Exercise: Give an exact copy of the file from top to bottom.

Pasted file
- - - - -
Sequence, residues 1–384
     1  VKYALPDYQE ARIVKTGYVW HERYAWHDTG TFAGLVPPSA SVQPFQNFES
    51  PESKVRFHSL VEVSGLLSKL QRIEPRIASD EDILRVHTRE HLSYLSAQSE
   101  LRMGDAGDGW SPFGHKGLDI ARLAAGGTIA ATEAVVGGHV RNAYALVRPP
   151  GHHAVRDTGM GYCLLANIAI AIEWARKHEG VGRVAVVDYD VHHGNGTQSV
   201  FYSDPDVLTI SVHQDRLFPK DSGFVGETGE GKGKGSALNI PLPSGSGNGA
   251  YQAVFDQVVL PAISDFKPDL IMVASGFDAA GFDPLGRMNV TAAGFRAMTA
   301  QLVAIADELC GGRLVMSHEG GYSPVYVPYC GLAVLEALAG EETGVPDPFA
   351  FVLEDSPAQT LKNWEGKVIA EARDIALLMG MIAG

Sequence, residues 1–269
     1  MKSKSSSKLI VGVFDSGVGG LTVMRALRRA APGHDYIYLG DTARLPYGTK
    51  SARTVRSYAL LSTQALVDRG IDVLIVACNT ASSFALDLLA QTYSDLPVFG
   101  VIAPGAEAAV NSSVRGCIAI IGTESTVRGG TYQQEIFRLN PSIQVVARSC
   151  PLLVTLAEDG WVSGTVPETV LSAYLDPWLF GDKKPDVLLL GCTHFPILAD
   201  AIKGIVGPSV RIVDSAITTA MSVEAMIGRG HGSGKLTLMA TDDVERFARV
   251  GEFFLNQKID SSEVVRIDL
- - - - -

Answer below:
Sequence, residues 1–384
     1  VKYALPDYQE ARIVKTGYVW HERYAWHDTG TFAGLVPPSA SVQPFQNFES
    51  PESKVRFHSL VEVSGLLSKL QRIEPRIASD EDILRVHTRE HLSYLSAQSE
   101  LRMGDAGDGW SPFGHKGLDI ARLAAGGTIA ATEAVVGGHV RNAYALVRPP
   151  GHHAVRDTGM GYCLLANIAI AIEWARKHEG VGRVAVVDYD VHHGNGTQSV
   201  FYSDPDVLTI SVHQDRLFPK DSGFVGETGE GKGKGSALNI PLPSGSGNGA
   251  YQAVFDQVVL PAISDFKPDL IMVASGFDAA GFDPLGRMNV TAAGFRAMTA
   301  QLVAIADELC GGRLVMSHEG GYSPVYVPYC GLAVLEALAG EETGVPDPFA
   351  FVLEDSPAQT LKNWEGKVIA EARDIALLMG MIAG

Sequence, residues 1–269
     1  MKSKSSSKLI VGVFDSGVGG LTVMRALRRA APGHDYIYLG DTARLPYGTK
    51  SARTVRSYAL LSTQALVDRG IDVLIVACNT ASSFALDLLA QTYSDLPVFG
   101  VIAPGAEAAV NSSVRGCIAI IGTESTVRGG TYQQEIFRLN PSIQVVARSC
   151  PLLVTLAEDG WVSGTVPETV LSAYLDPWLF GDKKPDVLLL GCTHFPILAD
   201  AIKGIVGPSV RIVDSAITTA MSVEAMIGRG HGSGKLTLMA TDDVERFARV
   251  GEFFLNQKID SSEVVRIDL